Hi Matt - a very good video you have put together there. Sitchin - yes, indeed. The least said about the man, the better, I think. Even although he has put forward a couple of good points on this issue (yes, he has), he ultimately poisoned the well, so to speak, for those newer researchers who have decided to look into this issue in more depth. Many lazy folks, rather than look into what newer researchers are saying, simply roll their eyes and try and taint the new research with the "Sitchin brush". As I said - lazy. (BTW - I am fairly convinced that Khufu did build the GP, read my books).

I do, however, have to take issue with a few of the points you make. First though, for a more thorough in-depth analysis of this Vyse forgery issue, please allow me the right to respond here by linking to some videos of my own (appologies to all in advance for the AI narrator voice - they weren't that great a number of years ago. If you find the AI voice too off-putting, simply mute it and turn on subs).

Video 1: The Great Pyramid Hoax: Episode 1 - The Journal Speaks https://www.youtube.com/watch?v=Csa2CCWEOd0

Video 2: The Great Pyramid Hoax: Episode 2 - Conspiracy and Cover-up https://youtu.be/lcGUlPXuWxU

Video 3: The Great Pyramid Hoax: Episode 3 - Signs of the Crime https://youtu.be/0vLxg2PLZb8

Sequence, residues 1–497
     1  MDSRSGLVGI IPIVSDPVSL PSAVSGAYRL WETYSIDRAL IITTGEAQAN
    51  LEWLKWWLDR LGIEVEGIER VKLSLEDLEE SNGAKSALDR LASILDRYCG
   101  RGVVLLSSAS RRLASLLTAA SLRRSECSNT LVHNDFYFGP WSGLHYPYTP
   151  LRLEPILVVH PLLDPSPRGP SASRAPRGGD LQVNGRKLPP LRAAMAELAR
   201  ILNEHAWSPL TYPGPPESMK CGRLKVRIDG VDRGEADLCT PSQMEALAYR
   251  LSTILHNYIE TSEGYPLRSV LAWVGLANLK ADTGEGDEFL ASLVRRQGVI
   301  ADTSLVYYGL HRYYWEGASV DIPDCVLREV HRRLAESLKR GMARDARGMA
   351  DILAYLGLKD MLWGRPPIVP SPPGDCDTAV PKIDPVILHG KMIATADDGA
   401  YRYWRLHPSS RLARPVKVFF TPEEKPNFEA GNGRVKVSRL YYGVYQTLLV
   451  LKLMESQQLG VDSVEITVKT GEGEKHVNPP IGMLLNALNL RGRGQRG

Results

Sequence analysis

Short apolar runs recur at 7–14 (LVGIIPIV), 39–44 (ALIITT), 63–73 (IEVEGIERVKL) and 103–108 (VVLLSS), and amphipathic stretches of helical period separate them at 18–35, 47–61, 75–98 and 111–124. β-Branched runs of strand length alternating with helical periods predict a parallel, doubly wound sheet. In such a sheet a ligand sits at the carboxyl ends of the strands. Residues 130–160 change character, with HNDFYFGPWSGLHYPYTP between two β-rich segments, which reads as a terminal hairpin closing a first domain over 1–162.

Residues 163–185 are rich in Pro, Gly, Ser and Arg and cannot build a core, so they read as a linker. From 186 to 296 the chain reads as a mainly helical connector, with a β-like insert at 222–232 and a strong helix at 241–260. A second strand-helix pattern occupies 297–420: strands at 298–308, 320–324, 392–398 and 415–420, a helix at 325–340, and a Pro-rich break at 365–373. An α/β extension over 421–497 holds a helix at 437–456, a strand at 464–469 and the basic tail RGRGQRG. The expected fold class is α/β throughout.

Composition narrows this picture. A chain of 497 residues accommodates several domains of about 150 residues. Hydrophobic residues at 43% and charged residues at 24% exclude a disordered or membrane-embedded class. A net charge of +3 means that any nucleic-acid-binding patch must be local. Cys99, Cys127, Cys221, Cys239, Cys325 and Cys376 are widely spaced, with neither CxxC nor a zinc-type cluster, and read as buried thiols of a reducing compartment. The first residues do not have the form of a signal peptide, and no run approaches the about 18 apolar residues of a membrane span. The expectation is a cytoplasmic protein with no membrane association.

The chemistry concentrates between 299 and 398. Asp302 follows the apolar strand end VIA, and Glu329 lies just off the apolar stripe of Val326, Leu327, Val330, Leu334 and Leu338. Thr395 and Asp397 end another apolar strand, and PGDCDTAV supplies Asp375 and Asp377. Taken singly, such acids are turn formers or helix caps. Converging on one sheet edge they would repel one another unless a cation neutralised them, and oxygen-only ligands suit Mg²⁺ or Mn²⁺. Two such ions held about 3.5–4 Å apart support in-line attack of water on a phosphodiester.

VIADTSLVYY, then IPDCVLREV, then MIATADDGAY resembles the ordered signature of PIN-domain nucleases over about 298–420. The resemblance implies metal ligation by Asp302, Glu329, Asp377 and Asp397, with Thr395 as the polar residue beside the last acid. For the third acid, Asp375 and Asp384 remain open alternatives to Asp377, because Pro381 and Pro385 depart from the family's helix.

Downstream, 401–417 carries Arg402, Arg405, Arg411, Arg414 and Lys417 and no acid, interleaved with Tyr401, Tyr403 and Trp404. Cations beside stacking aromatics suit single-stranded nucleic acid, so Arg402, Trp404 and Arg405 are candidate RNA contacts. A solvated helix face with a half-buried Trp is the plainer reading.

You seemed to have difficulty finding the correct Puckler-Muskau quote that's in my book (The Great Pyramid Void Enigma - Inner Traditions 2021). Here's the full quote and reference for you:

"The hieroglyphics which Major Wyse* pretends to have just discovered in the great pyramid are not cut in the stone, but merely drawn on the wall, and perhaps recently too, with a finger, dipped in colour." - Travels and Adventures in Egypt: With Anecdotes of Mehemet Ali. Vol. II., London: Parry, Blenkarn and Co., 1847, p.237.

As you can see from the quote, Puckler-Muskau (for reasons known only to himself) believed that Vyse only pretended to have discovered the chamber markings. I go into this in some depth in my latest book, GPVE.

Regarding Mr Hill's facsimile sheet orientation scheme using his signature as his 'this way up' indicator (45:42) and your claim that "this is not actually correct - it is another assumption" (43:51). Well, let's consider the evidence, Matt and see whether my "assumption" has any merit.